Sweet Chilli Mackerel Fishcakes with Soy & Garlic Pak Choi

I like a good, long title. I did have a short nap after writing that, but I’m confident that most of this post is actually finished now – that was definitely the hard bit.

As you are probably aware by now, I am deeply and passionately in love with Wagamama. I haven’t had a single thing there that I haven’t wanted to bathe in (probably easier with ramen than, for example, donburi) – our most recent discovery was their wok-fried greens.

Hoh momma.

Isla and I can’t go to Wagamama now without ordering this on the side; it’s an unbelievably moreish and savoury dish, and we’re a bit obsessed. So obviously I had to try making it at home.

Additional context: I am too extra for my own good and spent slightly too much on the food/drink for Isla’s Harry Potter party. I am therefore using up stuff from the fridge, freezer, and cupboards at present in an effort to redeem myself through frugality. Luckily for me I’m always a little extra, so I had some peppered mackerel fillets in the freezer! I mean, who doesn’t?

The pak choi was a new acquisition, but I got two of them for about 80p at Morrison’s, marked down, so I don’t feel too bad about that.

Anyway – let’s get cooking!


Sweet Chilli Mackerel Fishcakes with Soy & Garlic Pak Choi (Pescetarian)

Serves 2 (6 fishcakes)
Preparation time: 20 minutes
Cooking time: 15 minutes


Saucepan; large frying pan; potato masher; flat-bottomed mixing bowl; colander; tongs or slotted spoon; spatula/fish slice for flippin’.


For the fishcakes:

  • 140g smoked mackerel
  • 300g potato (peeled weight – about 375g unpeeled)
  • 2 tsp sweet chilli sauce
  • 20-25g panko breadcrumbs
  • Salt & pepper
  • Splash of oil

For the pak choi

  • 2 pak choi
  • 2 tbsp low salt soy sauce
  • 1 tsp sweet chilli sauce
  • 2 cloves garlic
  • 1 tsp oyster sauce (optional)
  • 1/2 fresh chilli (optional)


  1. Boil a kettle! Put a saucepan on medium-high heat! Arm the cannons! If you don’t have cannons skip to the next step, which is prepping the potatoes. Peel your potatoes and cut them into bite-sized chunks, then add to the saucepan, covering with boiled water. You don’t need to put the lid on if you, like me, have a tendency to react far too slowly to a pan boiling over. Cook the potatoes until tender – around 10-15 minutes depending on the size of yer chunks, then drain them and leave them to steam a little in the saucepan, allowing them to cool slightly.
  2. Put your frying pan on a medium heat and prepare your pak choi and garlic. Cut off the bottom end of each of the pak choi “bulbs” that joins all the leaves together and separate them out, discarding any itty bitty leaves from the centre. Cut each leaf lengthways all the way through the stem, then rinse thoroughly. Peel and finely slice the garlic. Throw the pak choi in the pan and cook for a couple of minutes, stirring occasionally, while you prepare the fishcakes.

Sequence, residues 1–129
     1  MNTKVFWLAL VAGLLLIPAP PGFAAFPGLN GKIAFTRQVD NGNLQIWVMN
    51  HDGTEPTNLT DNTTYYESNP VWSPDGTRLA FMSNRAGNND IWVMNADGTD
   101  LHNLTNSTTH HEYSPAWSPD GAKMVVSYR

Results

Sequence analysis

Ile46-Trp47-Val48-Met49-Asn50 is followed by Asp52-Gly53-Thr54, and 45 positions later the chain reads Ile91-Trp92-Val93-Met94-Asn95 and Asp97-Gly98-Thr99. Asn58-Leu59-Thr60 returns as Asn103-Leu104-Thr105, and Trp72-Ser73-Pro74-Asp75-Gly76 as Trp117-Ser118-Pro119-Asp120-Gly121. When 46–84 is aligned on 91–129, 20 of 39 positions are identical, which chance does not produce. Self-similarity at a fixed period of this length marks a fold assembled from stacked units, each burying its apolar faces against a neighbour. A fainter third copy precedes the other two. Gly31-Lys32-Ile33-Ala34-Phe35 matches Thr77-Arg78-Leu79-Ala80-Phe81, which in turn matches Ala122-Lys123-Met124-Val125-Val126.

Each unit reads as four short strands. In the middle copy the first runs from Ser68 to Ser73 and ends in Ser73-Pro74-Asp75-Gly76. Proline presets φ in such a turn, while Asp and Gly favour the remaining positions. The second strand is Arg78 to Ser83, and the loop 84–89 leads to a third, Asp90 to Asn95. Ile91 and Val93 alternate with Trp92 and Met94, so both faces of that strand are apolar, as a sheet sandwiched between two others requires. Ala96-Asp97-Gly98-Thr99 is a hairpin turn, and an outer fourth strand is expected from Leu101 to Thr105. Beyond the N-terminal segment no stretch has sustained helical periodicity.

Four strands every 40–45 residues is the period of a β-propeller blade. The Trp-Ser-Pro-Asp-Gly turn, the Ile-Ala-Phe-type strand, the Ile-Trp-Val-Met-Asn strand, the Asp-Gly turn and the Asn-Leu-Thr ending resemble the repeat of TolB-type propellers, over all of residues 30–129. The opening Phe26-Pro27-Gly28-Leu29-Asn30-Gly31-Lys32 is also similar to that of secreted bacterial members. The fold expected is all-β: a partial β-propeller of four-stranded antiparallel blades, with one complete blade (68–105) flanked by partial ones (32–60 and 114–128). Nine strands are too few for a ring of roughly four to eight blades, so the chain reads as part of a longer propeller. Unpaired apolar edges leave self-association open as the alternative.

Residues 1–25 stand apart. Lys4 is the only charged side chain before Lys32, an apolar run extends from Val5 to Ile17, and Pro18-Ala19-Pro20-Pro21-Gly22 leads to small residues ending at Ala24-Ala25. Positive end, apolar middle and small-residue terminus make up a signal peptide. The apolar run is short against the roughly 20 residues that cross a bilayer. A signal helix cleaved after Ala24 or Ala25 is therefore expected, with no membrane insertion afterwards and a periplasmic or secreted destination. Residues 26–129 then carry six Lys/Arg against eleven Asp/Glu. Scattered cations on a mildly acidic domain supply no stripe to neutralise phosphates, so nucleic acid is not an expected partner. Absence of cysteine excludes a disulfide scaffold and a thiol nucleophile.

3. Add the slightly cooled potatoes to your mixing bowl and mash thoroughly. Remove the skin from the mackerel and flake it in, then add a pinch of salt, some pepper (I used peppered mackerel fillets, so skipped this), the breadcrumbs and the sweet chilli sauce. Mix it all together to form the fishcake “dough”, then use your hands to make six patties out of the mixture. Wash your hands before proceeding – though you will smell of mackerel for quite some time. Sorry, kids.
  4. Going back to your pak choi, add in the garlic, sweet chilli sauce, soy sauce, and oyster sauce, if using. Stir or toss the pak choi in the sauce and cook for a couple of minutes more. I just plated mine up at this point, as it should still be warm when you’ve finished the fishcakes, but you can put the pak choi in an oven-proof dish and keep it in the oven on low if you’d prefer.
  5. Onto the fishcakes. No need to wipe the pan, just add a splash of oil and get down to business. Add the patties to the pan and cook for a few minutes on either side, until golden brown and getting slightly crisp. Serve alongside the pak choi, and add some chopped fresh chilli if you fancy.

Like I said, I’ve actually made the pak choi twice now – I left out the garlic the second time, but it was still delicious! Served alongside teriyaki mushroom rice and a quick cucumber & chilli pickle, it needed just the one pan — and we all know how much I love that:


Bonus recipe! Sort of:

To make the rice, just get a packet of Tilda microwave mushroom rice and cook according to packet instructions. Meanwhile slice up around 200g of mushrooms – dealer’s choice – and cook in a hot pan with 2 tbsp teriyaki sauce until tender. Add the rice to the pan and cook for a further minute or so with a handful of chopped coriander, then serve with the pak choi. The pickle is just thinly sliced red chilli, cucumber ribbons – a vegetable peeler does the trick – and a few tablespoons of white wine vinegar, along with a generous amount of salt and pepper. Mix together and leave for 5 minutes or so, then serve.

Don’t say I never give you anything.


P.S. No, I’m not going to address how long it’s been since my last post. Time is an illusion and also I’M SO SORRY.

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